OmniFocus Progress Chart Part 1: Extract & Save Data

Measured progress motivates me. I want to see how many things are in my OmniFocus library and if it’s trending larger or smaller. My desktop has been home to a list of today’s completed OmniFocus tasks for a long time, and now it’s home to a pair of charts: remaining items over the last 30 days, and items completed per day for the last 30 days.

The charts are created in 3 steps, and I am breaking these up into two posts:

  1. Extract a snapshot of the status of the database every day, (this post).
  2. Use that snapshot to create a text-based chart, (next post).
  3. Show the chart on my desktop, (next post).

Steps 1 & 2 are handled by a Javascript for Automation application written in Script Editor. Step 3 is handled by GeekTool.

Extracting & Saving the Database Status

There are a few ways to build a program that interacts with other programs on a Mac. For the completed task list I used Automator, but I don’t like editing Java- or Apple- script in the tiny Automator windows, so I tried out Script Editor. Script Editor lets us create an app bundle with somewhat modularized code, but isn’t the greatest IDE and crashes more than it should. Save your work often.

Applescript is foreign to me so I opted for Javascript for Automation, aka JXA, Apple’s, (maybe abandoned?), attempt to get a Javascript version of Applescript running. It works ok, but documentation of how it actually works, and what parts of modern Javascript are supported, is hard to find.

To extract the data we can use OmniFocus’s flattenedTasks list, which gets a flattened list of all tasks in the database, then we can filter that list of tasks by status, creation date, completion date, and so on:

// Get the "document" that we need to work with.
const ofdoc = Application('OmniFocus').defaultDocument;

// Get a list of all tasks in the DB.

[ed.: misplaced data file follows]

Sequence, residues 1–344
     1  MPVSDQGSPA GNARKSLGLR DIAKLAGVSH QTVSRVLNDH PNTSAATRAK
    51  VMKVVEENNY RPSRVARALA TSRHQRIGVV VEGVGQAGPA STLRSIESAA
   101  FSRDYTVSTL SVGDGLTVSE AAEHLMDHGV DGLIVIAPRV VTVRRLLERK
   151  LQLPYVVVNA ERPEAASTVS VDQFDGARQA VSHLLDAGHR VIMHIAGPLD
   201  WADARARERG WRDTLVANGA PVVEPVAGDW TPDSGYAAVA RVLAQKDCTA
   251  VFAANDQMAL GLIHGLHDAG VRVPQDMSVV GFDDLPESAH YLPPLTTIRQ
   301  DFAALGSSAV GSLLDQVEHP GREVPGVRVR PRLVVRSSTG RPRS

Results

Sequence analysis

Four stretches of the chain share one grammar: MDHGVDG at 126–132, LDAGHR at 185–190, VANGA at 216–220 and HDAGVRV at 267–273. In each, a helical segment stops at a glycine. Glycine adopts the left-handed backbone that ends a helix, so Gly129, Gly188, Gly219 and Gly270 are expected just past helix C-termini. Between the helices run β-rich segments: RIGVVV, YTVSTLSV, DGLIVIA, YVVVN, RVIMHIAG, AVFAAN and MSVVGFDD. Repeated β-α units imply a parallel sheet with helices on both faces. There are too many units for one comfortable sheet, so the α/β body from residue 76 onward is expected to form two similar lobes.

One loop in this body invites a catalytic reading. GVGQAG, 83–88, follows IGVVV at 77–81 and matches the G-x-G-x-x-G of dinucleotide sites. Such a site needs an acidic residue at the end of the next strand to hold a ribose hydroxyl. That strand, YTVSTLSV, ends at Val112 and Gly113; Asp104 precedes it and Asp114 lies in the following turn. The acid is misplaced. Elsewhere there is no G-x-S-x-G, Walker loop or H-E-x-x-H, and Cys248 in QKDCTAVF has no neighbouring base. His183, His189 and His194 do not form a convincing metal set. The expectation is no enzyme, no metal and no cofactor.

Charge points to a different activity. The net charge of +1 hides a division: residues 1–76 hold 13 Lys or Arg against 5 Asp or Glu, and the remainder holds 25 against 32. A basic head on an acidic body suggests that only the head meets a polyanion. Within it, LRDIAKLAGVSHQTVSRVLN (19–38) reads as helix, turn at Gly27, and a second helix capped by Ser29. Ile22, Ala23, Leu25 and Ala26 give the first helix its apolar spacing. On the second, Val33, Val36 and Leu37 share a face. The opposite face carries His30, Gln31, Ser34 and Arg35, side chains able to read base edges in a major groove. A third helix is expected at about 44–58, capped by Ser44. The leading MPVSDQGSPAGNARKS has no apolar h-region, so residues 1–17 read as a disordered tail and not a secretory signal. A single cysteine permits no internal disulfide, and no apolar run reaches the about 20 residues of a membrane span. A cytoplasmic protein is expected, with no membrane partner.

const tasks = ofdoc.flattenedTasks;
// now tasks.length is the total number of tasks in the DB
// (this will change a lot when you archive old tasks)

// Filter using the .whose method.
const remainingTasks = tasks.whose({
      effectivelyCompleted: false,
      effectivelyDropped: false
});

// ... etc. for completed tasks, and tasks completed/added/dropped in the past day.

Filtering with whose is pretty slow so this can’t be run every few seconds, (it takes several seconds to run), but for now I’m only updating daily so it’s fine if it’s slow.

I tried iterating over the tasks and checking the effectivelyCompleted property on each one, thinking it would be faster, but effectivelyCompleted has to send a message to OmniFocus to get a response, and doing that for my entire library is much slower than a single .whose() call.

Once all the tasks are filtered the current stats put into a Javascript object, which is .push()‘ed onto the end of a Javascript array of all the stats and stored on disk as a JSON file.

Modularizing the code was a hurdle.

I tried using module exports & imports but they don’t work. It seems like there is an import() function available but I can’t find what it does. It’s hard to see what Javascript/ECMAScript features are supported in JXA. Some documentation says that it uses the same Javascript engine as Safari, but if that was true when it was released it doesn’t appear to be true now.

Even without exports & imports the Release Notes say we can import libraries into our script like so:

// Imports from StatsProcessor.scpt - supposedly. Also, where is StatsProcessor.scpt?
const StatsProcessor = Library("StatsProcessor");

The 10.11 Release Notes say that we can put our library scripts into the ‘Contents/Library/Script Libraries’ directory of the App we’re making. I couldn’t find a way to do this, or even see the Script Libraries folder in Script Editor, but once I moved everything around with finder the library was recognized and the import worked. But this code crashed:

const StatsProcessor = Library("StatsProcessor");
StatsProcessor.anyPublicMethod();

Not only did it crash, but it made Script Editor crash as well. Calling any method on an imported library caused a crash. Apparently we need to use a “compiled” script – a .scptd file – for libraries. This isn’t documented anywhere that I can find, and there seems to be no way to change between a .scpt and .scptd file, at least not using a GUI.

There’s also no documentation for that a Library actually is and what’s available when it’s imported. From what I can see any global function declared in the imported file is available as a method on the imported object.

Once the modularization was working it was relatively straightforward to figure out where to store the data, (answer: In ~/Library/Application Support/OmniFocusStats), and save it as desired.

Next up: Using the data to make & display a chart.

Paste!

Once in a while I run into websites that block pasting in password, (or confirm password), fields. Like most bad ideas it doesn’t happen often but it happens just enough that I no longer want to manually type out the javascript to re-enable pasting.

So I made a bookmarklet. Here it is:

Paste!

Drag it to your bookmark toolbar to install it in your browser. When you find a page blocks paste click the bookmark and paste should be restored.

How it works